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e-Invoicing

Each year, Australian businesses process around 1.2 billion invoices. 

Paper and email based invoicing is manually intensive and prone to human error resulting in increased processing costs and payment times for businesses. Electronic invoicing (or e‑Invoicing) is the direct, electronic exchange of invoices between suppliers’ and buyers’ financial systems. e‑Invoicing is a clear opportunity to streamline invoice transactions, saving businesses time and money.

e‑Invoicing could result in benefits to the Australian economy of $28 billion over ten years, according to estimates by Deloitte Access Economics.

The Digital Business Council (DBC) has worked with industry and government to develop a standardised approach to e‑Invoicing allowing different software and systems to connect and exchange invoices in a structured digital format. Establishing a common framework, opens up access, allowing broad scale, mass adoption. The e‑Invoicing Interoperability Framework is being updated to support trans-Tasman transactions, providing compatibility with our New Zealand neighbours with whom we already have a close economic and trading relationship.

In March 2018, the Australian and New Zealand governments agreed to take practical action around common approaches to e‑Invoicing under the Single Economic Market agenda (SEM). In May 2018, the Australian Government announced that work to progressively adopt e‑Invoicing will begin across all levels of Australian Government.

With clear economy-wide benefits, both the Australian and New Zealand governments are working closely with industry to assist with the implementation of e‑Invoicing.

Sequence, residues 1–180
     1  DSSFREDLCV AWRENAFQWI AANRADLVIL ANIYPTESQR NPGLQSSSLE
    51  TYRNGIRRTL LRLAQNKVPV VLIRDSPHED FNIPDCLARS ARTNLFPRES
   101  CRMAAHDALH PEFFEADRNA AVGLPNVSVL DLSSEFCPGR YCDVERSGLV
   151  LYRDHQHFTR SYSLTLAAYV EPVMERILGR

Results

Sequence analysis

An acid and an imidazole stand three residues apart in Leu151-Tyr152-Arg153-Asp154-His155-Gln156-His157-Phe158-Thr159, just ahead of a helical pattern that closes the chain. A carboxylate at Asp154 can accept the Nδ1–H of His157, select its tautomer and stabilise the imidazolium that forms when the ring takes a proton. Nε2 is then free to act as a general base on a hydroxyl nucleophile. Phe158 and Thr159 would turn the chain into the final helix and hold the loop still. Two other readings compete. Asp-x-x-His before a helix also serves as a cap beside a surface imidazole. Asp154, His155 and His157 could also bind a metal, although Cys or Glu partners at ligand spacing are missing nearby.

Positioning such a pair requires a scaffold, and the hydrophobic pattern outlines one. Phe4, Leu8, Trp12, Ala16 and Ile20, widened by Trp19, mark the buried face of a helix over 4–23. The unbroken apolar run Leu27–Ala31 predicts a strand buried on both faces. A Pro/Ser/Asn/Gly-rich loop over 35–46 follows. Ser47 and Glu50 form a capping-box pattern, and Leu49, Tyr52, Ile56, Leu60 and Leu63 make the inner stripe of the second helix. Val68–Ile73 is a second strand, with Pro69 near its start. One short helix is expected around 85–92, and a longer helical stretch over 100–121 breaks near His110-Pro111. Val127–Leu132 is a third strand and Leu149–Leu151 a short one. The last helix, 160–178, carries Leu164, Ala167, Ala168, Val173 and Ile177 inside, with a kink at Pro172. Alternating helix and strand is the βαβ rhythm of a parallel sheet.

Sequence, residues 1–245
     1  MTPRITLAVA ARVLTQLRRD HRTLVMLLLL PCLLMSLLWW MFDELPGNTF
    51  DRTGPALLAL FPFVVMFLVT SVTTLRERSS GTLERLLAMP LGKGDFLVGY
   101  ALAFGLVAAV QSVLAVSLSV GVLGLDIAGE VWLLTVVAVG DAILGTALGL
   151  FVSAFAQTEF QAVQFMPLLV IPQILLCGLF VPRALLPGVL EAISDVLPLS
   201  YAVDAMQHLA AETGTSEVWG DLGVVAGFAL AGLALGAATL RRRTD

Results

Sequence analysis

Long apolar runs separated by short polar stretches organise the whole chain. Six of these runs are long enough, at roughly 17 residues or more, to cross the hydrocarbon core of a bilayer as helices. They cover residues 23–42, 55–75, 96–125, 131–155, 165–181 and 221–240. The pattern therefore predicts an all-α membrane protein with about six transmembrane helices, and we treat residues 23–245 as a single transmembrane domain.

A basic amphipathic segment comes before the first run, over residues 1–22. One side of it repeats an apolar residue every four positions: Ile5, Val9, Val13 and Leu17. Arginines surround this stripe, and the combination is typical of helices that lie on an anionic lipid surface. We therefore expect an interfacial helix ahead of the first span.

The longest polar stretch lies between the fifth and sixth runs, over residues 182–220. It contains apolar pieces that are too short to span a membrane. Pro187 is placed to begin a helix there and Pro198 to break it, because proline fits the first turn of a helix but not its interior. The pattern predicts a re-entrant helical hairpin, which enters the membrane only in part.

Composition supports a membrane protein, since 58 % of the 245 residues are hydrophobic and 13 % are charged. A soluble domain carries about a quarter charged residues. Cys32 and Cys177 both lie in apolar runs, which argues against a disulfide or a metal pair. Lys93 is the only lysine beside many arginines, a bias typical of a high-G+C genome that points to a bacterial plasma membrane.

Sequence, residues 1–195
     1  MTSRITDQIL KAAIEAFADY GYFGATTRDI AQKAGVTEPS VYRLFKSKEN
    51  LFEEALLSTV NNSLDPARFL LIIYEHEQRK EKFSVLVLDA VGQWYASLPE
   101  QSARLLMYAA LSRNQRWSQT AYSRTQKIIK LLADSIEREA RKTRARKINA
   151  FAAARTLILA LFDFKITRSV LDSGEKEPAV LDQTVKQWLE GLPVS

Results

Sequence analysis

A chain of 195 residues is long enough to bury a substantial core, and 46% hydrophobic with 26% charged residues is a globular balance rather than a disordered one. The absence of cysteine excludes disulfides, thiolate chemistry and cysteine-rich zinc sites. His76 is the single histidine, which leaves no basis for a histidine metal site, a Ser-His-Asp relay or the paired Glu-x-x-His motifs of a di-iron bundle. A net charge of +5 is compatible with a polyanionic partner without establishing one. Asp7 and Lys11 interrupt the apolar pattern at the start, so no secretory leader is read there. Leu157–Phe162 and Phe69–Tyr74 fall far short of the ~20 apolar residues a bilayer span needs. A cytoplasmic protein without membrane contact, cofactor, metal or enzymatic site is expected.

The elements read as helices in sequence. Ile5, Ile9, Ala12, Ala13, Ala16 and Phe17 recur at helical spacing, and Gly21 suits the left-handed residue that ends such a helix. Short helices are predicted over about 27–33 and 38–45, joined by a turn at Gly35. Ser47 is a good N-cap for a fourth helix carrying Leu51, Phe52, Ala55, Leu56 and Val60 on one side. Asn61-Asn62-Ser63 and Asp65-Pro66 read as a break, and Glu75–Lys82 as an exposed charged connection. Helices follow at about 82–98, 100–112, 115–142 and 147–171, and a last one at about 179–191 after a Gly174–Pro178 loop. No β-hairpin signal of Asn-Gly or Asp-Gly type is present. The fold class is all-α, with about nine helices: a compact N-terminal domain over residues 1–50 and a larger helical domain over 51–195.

Responding

You can submit responses to this consultation up until 17 October 2020.

Interested parties are invited to comment on this consultation.

While submissions may be lodged electronically or by post, electronic lodgement is preferred. For accessibility reasons, please submit responses sent via email in a Word or RTF format. An additional PDF version may also be submitted.

All information (including name and address details) contained in submissions will be made available to the public on the Treasury website unless you indicate that you would like all or part of your submission to remain in confidence. Automatically generated confidentiality statements in emails do not suffice for this purpose. Respondents who would like part of their submission to remain in confidence should provide this information marked as such in a separate attachment.

Legal requirements, such as those imposed by the Freedom of Information Act 1982, may affect the confidentiality of your submission.

How to respond

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